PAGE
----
How is costume used to show the differences between the Romans and the Goths?

Through colour, Rome is the light and the Goths are the Earth. Also, hard and soft details help with making characters unique. I like to give each actor their own special detail within their costume to help create a connection between actor and character. How will costume support Lavinia’s transformation? Again, through colour. We see her at the top of the play betrothed to Bassianus, so subtle golds to complement him while still wearing the Andronicus family colour of grey. As the play moves into more gruesome scenes, her clean fresh look takes a turn, with her blood covering a large majority of her costume. By the end of the play Lavinia is in dark sombre clothing around the neck and shoulders with a stark white dress to show herself in two contrasting worlds.

Where do you go for inspiration?

Firstly, I create a Pinterest board! I then research from my large library of reference books and when there are ideas or themes coming together, I will start online shopping for items I can buy for the show. Art galleries and museums are also helpful for inspiration. How do the design choices support the concept of order descending into chaos? Costumes start clean and eventually end up dirty and covered in blood. Thankfully I did a lot of ‘blood testing’ on fabrics before making anything, so all costumes are very washable!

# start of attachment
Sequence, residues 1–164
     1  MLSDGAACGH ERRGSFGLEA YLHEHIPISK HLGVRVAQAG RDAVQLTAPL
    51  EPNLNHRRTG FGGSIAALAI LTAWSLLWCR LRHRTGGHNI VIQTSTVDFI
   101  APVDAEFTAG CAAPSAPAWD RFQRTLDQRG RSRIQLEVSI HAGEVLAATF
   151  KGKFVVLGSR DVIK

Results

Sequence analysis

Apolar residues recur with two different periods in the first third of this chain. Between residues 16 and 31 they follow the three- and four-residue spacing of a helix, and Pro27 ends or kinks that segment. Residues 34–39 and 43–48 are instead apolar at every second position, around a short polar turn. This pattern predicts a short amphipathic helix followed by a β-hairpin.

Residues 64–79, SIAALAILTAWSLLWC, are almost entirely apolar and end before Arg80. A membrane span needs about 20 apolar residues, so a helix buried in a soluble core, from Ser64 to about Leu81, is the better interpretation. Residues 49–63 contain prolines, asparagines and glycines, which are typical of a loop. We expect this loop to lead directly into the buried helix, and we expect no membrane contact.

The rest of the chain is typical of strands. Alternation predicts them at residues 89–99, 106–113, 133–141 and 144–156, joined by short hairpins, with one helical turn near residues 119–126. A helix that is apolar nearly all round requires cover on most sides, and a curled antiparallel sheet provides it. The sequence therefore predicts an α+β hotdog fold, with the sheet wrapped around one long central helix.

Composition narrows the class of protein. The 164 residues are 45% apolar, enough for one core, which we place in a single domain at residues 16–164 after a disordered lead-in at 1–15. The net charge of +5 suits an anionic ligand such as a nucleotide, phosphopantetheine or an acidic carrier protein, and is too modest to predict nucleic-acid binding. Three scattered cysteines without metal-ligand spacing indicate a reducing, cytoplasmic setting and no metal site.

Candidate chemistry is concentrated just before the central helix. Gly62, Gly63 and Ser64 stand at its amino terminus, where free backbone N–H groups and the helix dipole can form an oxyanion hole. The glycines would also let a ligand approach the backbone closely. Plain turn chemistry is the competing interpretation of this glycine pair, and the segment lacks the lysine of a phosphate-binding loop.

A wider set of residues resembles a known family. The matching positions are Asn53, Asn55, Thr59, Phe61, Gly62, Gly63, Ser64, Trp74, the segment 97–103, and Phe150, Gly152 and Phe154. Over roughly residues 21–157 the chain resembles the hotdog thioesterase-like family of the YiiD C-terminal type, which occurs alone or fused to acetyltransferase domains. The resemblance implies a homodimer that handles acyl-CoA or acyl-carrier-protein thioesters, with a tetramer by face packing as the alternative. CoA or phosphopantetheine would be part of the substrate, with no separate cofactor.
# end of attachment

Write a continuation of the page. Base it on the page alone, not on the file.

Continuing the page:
Which character was the most fun to dress?

I like Tamora, just because of her transition from Queen of the Wild to her developing into a woman who has embraced her situation and power to transform into this almost divine-like presence.

How closely do you work with the director to develop the costume vision for the show?

It is crucial to listen to the director’s vision and ideas - you get a great amount of detail and reference ideas from where they want to take a show. It has been great working with Dan, as he has such a clear vision for Titus Andronicus. Weekly meetings, coming to fittings and chats in the hallway all help to make a show that looks cohesive and well collaborated. How long does the design process take? It really depends on how many characters and when the show is set. For example, Titus Andronicus has approximately 22 characters, and some have 3 or more changes during the play. I would spend anywhere from 5-15 hours per character.

What would be your dream costume design job?

I was fortunate enough to tick one of my dream jobs off last year. I designed a feature film in Christchurch set in the 1860s. It was the most challenging work I have done in my 20-year career. I still have many goals I want to achieve, and always look forward to my next big design job. Currently, I am at the early design stage for The World of Wearable Art, where I was a finalist after entering for the first-time last year. It was so much fun I want to do it again!